What a great ride. Lots of breaks in the asphalt that are large and actually hurt. The way down was fast and the bumps were horrible. However, this is a great trail and I’ll continue riding it. It is beautiful.
Webb Hill Trailhead parking is paved - plenty of parking spaces. There is a picnic table with a cover close by. Several benches are available to relax and take in the sights (Virgin River, Webb Hill, etc.). The trail is paved (all modes of transportation welcome). Plenty of space to pass slower traffic. This is part of the Mayor's Loop (5.3 miles).
Been regularly cycling this path since its opening years ago. Within recent years however, bike etiquette, safety, and general behavior has deteriorated: "Utah moms" allow their out-of-control kids to wander-ride all over the path ignoring bike / jogger traffic both directions ... they do not care. Dogs must be on a leash, but many owners attitude is, "I'll do what I want, it's my pet"... again safety of others is undermined by this kind of activity.
Cyclists in the "left [opposite] lane" often have music blasting away via ear-buds so yelling, "On Your Left" to signal your presence, literally falls on deaf ears.
It's getting to the point where riding the open road with vehicles is actually safer than the designated bike path.
Works nicely for inline skating. I've gone end-to-end over two trips. Pretty flat, straight, and smooth. Friendly people in some parts (with dog leashes and kids) so be prepared to slow down at times. Averaged 14 mph though.
The worst part about this trail is the gates which some municipalities keep in semi-closed position at road crossings. "All hail the powerful automobile" - they are not trail priority intersections for the most part and sometimes there are even signs commanding you to use a nearby intersection instead of just crossing the street. Oh well.
Worth inline skating on this trail - you can get some good speed and mileage outside of the busier areas & seedier areas of the trail.
Other posters are correct, the signage is limited but it's not a big deal.
I started at James Madison Park and went south about 15 miles.
The best part about this trail is that everyone is really friendly and will wave hello.
I rode this from Route 89 to the Murdock Trail. It is very nice to have trails without vehicles where bikers and walkers can get around. Only reason for four stars is that there is no major attraction along the way, such as a river or above average views. I'm still very grateful for this trail.
Taking advice of other reviewers, we started in Elsinore and rode to Candy Mountain Resort, and we were glad we did! A stiff wind and an uphill ride out, made for a nice ride back.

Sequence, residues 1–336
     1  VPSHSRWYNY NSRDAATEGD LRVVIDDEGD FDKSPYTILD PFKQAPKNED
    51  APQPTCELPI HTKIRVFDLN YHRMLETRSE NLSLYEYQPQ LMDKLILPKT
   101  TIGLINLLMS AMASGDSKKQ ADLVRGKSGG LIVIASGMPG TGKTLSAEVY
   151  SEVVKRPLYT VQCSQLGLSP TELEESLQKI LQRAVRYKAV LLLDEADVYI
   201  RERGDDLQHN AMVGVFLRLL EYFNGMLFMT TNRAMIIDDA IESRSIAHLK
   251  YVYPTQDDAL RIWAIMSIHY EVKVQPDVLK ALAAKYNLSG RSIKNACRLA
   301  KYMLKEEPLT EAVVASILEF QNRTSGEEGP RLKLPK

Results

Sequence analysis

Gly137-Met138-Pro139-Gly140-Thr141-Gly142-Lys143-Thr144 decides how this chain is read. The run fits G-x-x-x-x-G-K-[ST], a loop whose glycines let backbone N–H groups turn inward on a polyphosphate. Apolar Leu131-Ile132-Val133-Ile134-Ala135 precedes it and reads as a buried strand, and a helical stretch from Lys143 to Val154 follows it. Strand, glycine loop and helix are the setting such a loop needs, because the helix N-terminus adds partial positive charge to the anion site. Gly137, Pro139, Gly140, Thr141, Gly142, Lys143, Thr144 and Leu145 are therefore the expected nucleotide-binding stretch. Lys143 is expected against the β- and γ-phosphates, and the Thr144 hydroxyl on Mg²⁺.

This is a very worthy trail to do, either on its own or a way to connect up to other trails/areas. The scenery is outstanding. One could skip the short, boring section that delves into north Moab town, unless you want the extra mile or so on your odometer. A good bit of the remainder is along highway but still mostly pleasant (especially the section along the river) depending on the amount of traffic. After you pass Arches NP bearing north and start up the healthy climb, it gets further and further from the road and its noise until you connect again to it around Gemini Bridges road.
The path itself is wide, in excellent shape, and amazingly smooth... especially for asphalt (they apply some sort of black sealant/coating to it). Unlike concrete, there are no expansion joints or other cracks. It is like having a perfect country road all to yourself. Heavy rains and/or winds could deposit sand and other things on the path. There are 2 cattle guards to be wary of that come up fast on the ripping downhill section... but I guess those help keep you closer to the 20 mph posted speed limit! ;-)
As to when do this path, this is the wide open desert on a very black surface; summer time would be blazing hot. To me, mid-late fall and early-mid spring and nice winter stretches are the time to be in the Utah desert.
I rode this from the trailhead at 4000 N and 2000 W on a full-suspension mountain bike, to the last gate after which the trail is not graded but is just piles of ballast, about 8 miles one way. Beyond there, I could see railcars sitting on the tracks. There are several gates of varying construction and difficulty in negotiating that must be opened and closed as you travel. The trail surface varies from hard-packed sand to very course and loose rocks. I would not recommend skinny tires on this one. I encountered no thorns or goatheads. Lots of little snakes basking on the trail, take care not to run over them. Very quiet and isolated place. Might consider a fatbike ride when the snow comes.